Calculus: Early Transcendentals (2nd Edition)

Published by Pearson
ISBN 10: 0321947347
ISBN 13: 978-0-32194-734-5

Chapter 3 - Derivatives - 3.8 Implicit Differentiation - 3.8 Exercises - Page 200: 31


$\frac{d^2x}{dy^2} = -\frac{-1}{4y^3}$

Work Step by Step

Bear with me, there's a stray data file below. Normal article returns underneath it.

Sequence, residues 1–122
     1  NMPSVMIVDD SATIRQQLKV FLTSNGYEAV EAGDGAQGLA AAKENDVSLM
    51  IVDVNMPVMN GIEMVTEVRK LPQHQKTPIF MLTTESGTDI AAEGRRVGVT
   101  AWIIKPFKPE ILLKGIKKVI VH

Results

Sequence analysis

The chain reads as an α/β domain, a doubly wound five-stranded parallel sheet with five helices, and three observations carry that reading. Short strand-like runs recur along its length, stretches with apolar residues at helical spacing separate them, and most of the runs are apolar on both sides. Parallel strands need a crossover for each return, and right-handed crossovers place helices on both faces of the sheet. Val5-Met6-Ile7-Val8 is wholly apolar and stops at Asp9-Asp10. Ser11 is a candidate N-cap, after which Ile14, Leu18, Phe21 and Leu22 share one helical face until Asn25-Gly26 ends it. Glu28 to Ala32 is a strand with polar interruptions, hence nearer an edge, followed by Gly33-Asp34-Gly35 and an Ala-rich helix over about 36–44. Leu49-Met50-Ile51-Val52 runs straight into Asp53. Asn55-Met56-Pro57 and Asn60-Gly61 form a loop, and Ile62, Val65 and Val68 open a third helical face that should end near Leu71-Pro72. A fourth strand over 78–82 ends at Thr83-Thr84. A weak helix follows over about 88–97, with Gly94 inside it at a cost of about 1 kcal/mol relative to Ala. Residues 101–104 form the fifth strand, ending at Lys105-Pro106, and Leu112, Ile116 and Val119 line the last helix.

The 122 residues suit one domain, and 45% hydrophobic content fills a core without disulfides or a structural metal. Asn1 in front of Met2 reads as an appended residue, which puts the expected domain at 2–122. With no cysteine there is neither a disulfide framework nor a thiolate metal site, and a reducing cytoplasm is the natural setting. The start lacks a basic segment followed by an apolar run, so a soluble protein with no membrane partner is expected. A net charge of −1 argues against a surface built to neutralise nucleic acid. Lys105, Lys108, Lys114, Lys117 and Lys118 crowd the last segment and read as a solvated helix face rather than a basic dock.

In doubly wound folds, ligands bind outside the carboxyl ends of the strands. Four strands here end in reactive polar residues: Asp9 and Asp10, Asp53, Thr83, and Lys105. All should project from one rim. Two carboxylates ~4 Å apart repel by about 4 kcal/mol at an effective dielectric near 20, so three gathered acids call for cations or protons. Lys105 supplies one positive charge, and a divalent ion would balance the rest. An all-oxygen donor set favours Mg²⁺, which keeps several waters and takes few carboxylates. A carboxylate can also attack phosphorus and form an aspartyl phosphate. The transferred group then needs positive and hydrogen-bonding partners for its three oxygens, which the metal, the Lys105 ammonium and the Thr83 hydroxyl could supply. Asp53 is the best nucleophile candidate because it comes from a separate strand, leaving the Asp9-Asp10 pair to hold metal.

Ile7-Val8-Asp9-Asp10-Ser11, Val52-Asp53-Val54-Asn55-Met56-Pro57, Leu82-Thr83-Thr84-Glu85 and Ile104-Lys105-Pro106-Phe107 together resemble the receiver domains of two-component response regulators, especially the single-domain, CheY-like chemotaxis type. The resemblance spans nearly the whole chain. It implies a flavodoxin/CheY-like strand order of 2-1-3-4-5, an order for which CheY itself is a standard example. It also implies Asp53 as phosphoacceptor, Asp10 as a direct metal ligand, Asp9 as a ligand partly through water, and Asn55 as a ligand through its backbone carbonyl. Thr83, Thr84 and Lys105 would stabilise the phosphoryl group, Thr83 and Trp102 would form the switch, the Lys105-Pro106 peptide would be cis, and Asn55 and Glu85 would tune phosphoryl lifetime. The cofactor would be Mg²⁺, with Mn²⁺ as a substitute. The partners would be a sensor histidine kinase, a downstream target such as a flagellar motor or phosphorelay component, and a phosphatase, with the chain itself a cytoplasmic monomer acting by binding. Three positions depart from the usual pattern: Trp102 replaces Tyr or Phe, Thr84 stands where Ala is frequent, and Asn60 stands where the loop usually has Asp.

$x+y^2=1$ Take Derivative and Solve for $\frac{dy}{dx}$ $1+2y\frac{dy}{dx}=0$ $\frac{dy}{dx} = \frac{-1}{2y}$ Take Second Derivative and Solve for $\frac{d^2y}{dx^2}$ $\frac{d^2x}{dy^2} = \frac{2}{4y^2}\times \frac{-1}{2y} = -\frac{-1}{4y^3}$
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